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Keeping the wheels moving on Canterbury transport investment

Environment Canterbury is asking for better recognition of the importance of Canterbury, and the wider South Island, in the Government’s 10-year land transport strategy.

They have provided feedback on the draft Government Policy Statement on land transport (GPS) 2024. The GPS outlines the Government’s priorities for land transport investment over the next decade.

Their submission notes that while there are elements of the draft it supports, we’re concerned the region is at risk of receiving an unequitable share of national funding, which has been the case in previous land transport programmes. In the 2021-24 National Land Transport Programme (NLTP), Canterbury only received between 5-8 per cent of the NLTP expenditure that was forecast – despite contributing 12 per cent of the national GDP.

Getting onboard with public transport

Chair Peter Scott said Canterbury’s transport network plays a crucial role in unlocking the region’s, and New Zealand’s, economic potential.

“Our region is New Zealand’s largest by land area, and second largest by population. It has 16 percent of the national roading network, but its significance appears to have been overlooked in the draft GPS.”

The Council is deeply concerned there is no specific mention of Canterbury public transport projects in the draft.

“This is a significant omission that fails to support our projected growth,” said Scott.

The submission requests that the Greater Christchurch Public Transport Futures (PT Futures) programme be included as a major public transport project alongside those identified in Auckland and Wellington. PT Futures sets out a range of proposed investments in infrastructure and public transport services, and has been agreed on by the Greater Christchurch partner councils and included for funding in respective draft Long-Term Plans.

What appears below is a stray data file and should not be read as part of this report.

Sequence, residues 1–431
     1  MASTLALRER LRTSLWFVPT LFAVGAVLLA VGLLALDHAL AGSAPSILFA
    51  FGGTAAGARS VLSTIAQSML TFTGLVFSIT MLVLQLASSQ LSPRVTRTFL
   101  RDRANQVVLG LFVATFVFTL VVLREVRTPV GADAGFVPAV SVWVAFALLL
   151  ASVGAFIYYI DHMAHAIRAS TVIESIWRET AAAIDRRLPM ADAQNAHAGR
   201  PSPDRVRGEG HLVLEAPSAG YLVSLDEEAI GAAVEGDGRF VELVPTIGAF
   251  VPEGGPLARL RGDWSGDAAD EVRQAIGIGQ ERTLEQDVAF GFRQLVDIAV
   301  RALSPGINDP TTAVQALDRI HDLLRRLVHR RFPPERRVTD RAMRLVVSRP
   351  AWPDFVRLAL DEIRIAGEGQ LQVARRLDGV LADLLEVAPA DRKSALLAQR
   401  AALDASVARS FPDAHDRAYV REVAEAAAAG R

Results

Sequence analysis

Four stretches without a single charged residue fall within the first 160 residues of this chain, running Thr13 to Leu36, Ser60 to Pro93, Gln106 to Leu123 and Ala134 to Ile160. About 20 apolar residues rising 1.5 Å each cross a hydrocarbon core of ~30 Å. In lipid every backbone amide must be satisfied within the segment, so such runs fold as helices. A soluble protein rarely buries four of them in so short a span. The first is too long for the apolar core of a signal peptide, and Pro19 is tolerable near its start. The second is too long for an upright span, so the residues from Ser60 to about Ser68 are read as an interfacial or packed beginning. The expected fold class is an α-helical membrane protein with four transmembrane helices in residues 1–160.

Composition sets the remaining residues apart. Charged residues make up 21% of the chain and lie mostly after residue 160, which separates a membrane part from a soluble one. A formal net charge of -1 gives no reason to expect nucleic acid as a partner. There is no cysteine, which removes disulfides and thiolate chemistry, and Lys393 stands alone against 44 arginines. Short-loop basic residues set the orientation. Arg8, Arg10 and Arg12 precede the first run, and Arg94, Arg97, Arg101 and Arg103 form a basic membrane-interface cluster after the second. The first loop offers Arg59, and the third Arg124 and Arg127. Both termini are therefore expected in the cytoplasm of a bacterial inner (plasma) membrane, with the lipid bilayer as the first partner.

The submission notes that this investment, which includes the delivery of Mass Rapid Transit (MRT), is critical to supporting the growing population and economic contribution of Greater Christchurch and Canterbury. It would enable people to move quickly and safely, while supporting housing and business growth, intensification, and reduced transport congestion.

“The draft doesn’t contain enough detail for our local authorities to do anything solid in terms of our planning. We’re proposing to invest a fair chunk of money in public transport through the Long-Term Plan we’re consulting on, but we need to know that the Government will come to the party. The lack of detail around this is frustrating.” said Scott.

Support for road maintenance and highways

The Council supports the stronger focus on road maintenance in the draft GPS and agrees with the directive that the New Zealand Transport Agency Waka Kotahi (NZTA) should explore a variety of funding and financing options for all major transport projects.

Environment Canterbury’s feedback is aligned with the joint submission of the Canterbury Regional Transport Committee, which Peter Scott also chairs, and the Canterbury Mayoral Forum. Their submission supports the focus on state highways and local roads in the draft GPS, including the identification of the Belfast to Pegasus Motorway and Woodend Bypass and the second Ashburton Bridge, but also raises concerns about the lack of reference to public transport in Canterbury, and the potentially inequitable level of investment in the region and South Island.

“Councils across the region are on the same page here. We urge the Government to look beyond Auckland and Wellington, and to recognise the potential that lies further south.” said Scott.

Read Environment Canterbury’s submission on the GPS (PDF File, 203KB) and read the Canterbury Mayoral Forum submission (PDF File, 307KB).

Read the draft Government Policy Statement on land transport (GPS) 2024.

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